What is the anti-diet approach?
Knowing this information, it’s clear we don’t have as much impact on the number appearing on the scale as we once thought; so, how can we improve our health without focusing on weight? The anti-diet approach advocates a focus on lifestyle habits rather than weight. This approach therefore aims to support people who want to improve their health by looking at their level of movement, their relationship with food, their diet, their stress levels, etc.
Studies have shown that by changing our lifestyle habits, there is a greater improvement in our health regardless of weight(4). Intuitive eating is an anti-diet approach most commonly used in order to better understand the body and its relationship with food. Rather than relying on rules from diets to nourish ourselves, intuitive eating allows us to let go of the rules imposed by diets and trust our intuition when it comes to eating.
Contrary to popular belief, the dietitians who use an anti-diet approach are not against weight loss; they question the relevance of weight loss for improving one’s health. Most dietitians are open to discussing the desire for weight loss while exploring why it feels important and what the reasons are behind the desire. After this exploration, the dietitian may suggest they try the anti-diet approach or redirect them to a service that will allow them to meet their needs/goals.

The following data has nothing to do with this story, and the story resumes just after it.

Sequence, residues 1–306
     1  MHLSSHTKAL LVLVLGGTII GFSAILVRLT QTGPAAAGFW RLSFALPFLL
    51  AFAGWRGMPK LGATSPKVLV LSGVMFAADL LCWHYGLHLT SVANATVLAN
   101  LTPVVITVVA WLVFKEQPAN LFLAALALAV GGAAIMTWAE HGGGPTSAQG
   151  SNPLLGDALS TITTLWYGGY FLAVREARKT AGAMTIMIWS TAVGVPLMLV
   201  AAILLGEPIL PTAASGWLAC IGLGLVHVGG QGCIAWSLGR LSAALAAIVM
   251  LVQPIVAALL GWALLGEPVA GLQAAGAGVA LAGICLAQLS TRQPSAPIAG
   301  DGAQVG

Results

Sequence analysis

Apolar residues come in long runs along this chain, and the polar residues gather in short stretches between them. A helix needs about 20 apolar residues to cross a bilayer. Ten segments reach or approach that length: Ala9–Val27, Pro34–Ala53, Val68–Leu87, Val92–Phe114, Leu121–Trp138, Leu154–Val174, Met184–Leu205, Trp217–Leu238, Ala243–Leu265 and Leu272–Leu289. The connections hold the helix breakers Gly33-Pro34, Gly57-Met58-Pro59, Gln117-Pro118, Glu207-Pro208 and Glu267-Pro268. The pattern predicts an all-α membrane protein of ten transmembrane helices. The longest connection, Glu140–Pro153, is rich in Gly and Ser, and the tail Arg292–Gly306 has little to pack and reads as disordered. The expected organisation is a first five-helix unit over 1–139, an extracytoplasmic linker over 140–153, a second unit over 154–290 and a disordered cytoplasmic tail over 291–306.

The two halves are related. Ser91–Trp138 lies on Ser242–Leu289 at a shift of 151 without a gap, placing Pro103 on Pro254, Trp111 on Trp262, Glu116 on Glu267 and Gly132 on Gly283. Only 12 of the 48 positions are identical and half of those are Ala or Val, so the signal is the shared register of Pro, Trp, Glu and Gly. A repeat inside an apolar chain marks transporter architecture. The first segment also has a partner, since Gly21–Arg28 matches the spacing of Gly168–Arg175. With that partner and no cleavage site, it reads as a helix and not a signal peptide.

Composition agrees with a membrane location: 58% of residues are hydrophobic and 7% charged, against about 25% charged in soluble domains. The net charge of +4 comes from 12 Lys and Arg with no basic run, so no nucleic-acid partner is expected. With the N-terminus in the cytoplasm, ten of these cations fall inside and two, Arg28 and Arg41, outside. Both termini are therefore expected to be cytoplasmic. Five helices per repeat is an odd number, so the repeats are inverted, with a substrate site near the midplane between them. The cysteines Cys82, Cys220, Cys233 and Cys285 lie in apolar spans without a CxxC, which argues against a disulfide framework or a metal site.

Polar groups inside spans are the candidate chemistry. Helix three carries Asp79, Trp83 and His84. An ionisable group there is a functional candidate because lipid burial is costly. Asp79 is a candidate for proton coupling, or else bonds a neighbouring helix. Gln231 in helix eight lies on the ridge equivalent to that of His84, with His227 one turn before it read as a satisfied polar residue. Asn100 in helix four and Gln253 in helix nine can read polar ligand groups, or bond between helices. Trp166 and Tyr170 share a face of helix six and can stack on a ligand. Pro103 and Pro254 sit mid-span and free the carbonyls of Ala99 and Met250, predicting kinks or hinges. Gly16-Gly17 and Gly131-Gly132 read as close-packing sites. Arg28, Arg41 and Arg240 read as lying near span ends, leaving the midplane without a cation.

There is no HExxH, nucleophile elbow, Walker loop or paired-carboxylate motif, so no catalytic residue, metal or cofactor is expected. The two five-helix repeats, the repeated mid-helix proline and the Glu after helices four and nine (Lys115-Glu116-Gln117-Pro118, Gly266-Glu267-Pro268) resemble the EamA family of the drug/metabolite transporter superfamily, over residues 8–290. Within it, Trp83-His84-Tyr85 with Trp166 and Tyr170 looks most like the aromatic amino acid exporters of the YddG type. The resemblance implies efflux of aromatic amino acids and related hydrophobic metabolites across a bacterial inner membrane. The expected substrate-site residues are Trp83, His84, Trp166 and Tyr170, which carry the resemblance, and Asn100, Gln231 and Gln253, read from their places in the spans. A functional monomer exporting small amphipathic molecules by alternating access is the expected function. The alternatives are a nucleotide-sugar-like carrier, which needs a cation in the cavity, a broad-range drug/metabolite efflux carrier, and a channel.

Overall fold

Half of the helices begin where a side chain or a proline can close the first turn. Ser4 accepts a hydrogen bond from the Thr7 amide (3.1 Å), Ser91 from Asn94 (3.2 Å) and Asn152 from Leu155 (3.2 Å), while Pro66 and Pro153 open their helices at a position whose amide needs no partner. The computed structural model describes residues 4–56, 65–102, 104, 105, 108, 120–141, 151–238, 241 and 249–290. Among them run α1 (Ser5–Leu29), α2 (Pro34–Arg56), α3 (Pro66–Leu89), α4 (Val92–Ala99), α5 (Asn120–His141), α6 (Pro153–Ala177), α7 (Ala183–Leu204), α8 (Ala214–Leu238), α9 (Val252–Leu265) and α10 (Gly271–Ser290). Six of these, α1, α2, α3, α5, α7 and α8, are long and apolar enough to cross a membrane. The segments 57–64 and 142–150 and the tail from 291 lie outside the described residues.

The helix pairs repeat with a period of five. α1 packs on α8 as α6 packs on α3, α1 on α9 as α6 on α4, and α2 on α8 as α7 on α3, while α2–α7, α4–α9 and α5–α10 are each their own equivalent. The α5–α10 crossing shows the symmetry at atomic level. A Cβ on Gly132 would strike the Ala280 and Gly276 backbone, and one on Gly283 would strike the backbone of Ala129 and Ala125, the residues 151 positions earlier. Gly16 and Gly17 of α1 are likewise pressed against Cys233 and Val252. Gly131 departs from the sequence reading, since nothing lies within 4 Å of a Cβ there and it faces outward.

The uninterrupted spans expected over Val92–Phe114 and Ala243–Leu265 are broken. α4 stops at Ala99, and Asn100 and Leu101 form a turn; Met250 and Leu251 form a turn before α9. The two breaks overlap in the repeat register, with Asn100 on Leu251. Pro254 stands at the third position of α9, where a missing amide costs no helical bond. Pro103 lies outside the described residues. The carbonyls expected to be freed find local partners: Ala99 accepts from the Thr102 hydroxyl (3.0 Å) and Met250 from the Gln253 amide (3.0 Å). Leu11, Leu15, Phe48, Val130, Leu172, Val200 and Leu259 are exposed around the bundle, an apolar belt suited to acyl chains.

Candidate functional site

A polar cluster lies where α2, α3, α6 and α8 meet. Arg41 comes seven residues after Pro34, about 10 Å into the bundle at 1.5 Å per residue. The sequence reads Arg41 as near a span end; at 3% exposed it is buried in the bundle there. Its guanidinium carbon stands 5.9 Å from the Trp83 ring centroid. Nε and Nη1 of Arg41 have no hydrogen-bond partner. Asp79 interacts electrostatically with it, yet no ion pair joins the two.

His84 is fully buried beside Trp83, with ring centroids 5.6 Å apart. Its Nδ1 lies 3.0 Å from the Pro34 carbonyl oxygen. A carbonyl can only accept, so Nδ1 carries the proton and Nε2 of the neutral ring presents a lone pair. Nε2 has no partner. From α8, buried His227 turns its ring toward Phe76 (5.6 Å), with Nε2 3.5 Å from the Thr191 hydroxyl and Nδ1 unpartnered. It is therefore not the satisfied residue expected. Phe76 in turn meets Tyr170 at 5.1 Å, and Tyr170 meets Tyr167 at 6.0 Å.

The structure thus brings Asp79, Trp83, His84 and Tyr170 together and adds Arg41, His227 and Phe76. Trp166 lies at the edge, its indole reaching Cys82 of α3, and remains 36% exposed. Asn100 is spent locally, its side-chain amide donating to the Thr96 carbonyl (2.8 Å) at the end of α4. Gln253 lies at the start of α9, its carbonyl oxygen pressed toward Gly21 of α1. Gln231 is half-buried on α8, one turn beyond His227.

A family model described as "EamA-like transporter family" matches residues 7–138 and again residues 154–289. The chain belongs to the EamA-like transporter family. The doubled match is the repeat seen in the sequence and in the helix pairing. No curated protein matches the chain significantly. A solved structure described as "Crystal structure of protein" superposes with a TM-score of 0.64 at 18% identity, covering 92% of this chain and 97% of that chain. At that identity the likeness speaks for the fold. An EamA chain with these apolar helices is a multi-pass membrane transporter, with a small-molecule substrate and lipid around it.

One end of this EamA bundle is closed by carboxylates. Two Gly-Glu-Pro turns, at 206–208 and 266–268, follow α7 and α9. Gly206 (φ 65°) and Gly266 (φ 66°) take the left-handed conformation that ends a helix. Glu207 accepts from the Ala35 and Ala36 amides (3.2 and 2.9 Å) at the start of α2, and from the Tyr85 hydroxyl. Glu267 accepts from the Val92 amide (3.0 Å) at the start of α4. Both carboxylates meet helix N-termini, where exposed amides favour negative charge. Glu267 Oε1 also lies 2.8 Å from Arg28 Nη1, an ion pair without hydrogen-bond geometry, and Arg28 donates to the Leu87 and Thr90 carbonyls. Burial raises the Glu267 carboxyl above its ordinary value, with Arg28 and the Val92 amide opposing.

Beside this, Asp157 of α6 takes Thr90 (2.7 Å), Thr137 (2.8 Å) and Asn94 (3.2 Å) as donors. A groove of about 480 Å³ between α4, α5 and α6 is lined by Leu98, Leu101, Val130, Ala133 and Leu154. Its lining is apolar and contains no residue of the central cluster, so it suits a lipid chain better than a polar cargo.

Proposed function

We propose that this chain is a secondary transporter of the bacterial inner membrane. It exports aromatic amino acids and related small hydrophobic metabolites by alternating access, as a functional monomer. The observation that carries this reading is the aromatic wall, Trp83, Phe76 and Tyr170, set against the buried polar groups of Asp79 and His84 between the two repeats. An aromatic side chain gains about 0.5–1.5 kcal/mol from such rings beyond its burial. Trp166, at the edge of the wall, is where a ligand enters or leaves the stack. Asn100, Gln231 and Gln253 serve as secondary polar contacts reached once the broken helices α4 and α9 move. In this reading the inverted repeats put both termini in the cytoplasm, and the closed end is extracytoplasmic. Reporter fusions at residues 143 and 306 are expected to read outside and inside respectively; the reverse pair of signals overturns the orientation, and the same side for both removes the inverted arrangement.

As mentioned, health can be improved with lifestyle changes independent of weight loss. This is what anti-diet dietitians rely on! They will look at the relationship with the food that people have as well as the frequency, content, quantity and quality of their food intake. They can also help people revisit the way they deal with their emotions through the principles of intuitive eating(5). The ultimate goal is to help people find a way to eat that works for them and that is aligned with their needs, medical conditions, goals and values.
By: Fannie Dancose, Registered Dietitian
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- Simard, V., & Clerc, J. (2022, February 23). The pandemic, a blow to body acceptance. LaPresse.ca. Retrieved March 8, 2022, from https://www.lapresse.ca/societe/2022-02-23/la-pandemie-coup-dur-pour-l-acceptation-corporelle.php
- Mann, T., Tomiyama, AJ , Westling, E., Lew, AM, Samuels, B., & Chatman, J. (2007). Medicare’s search for effective obesity treatments: diets are not the answer. The American Psychologist, 62(3), 220–233. https://doi.org/10.1037/0003-066X.62.3.220
- Müller, MJ, Geisler, C., Heymsfield, SB, & Bosy-Westphal, A. (2018). Recent advances in understanding body weight homeostasis in humans. F1000Research, 7, F1000 Faculty Rev-1025. https://doi.org/10.12688/f1000research.14151.1
- Gaesser, GA, & Angadi, SS (2021). Obesity treatment: Weight loss versus increasing fitness and physical activity for reducing health risks. iScience, 24(10), 102995. https://doi.org/10.1016/j.isci.2021.102995
- 10 Principles of Intuitive Eating. (nd). Intuitive Eating. Retrieved March 22, 2022, from https://www.intuitiveeating.org/10-principles-of-intuitive-eating/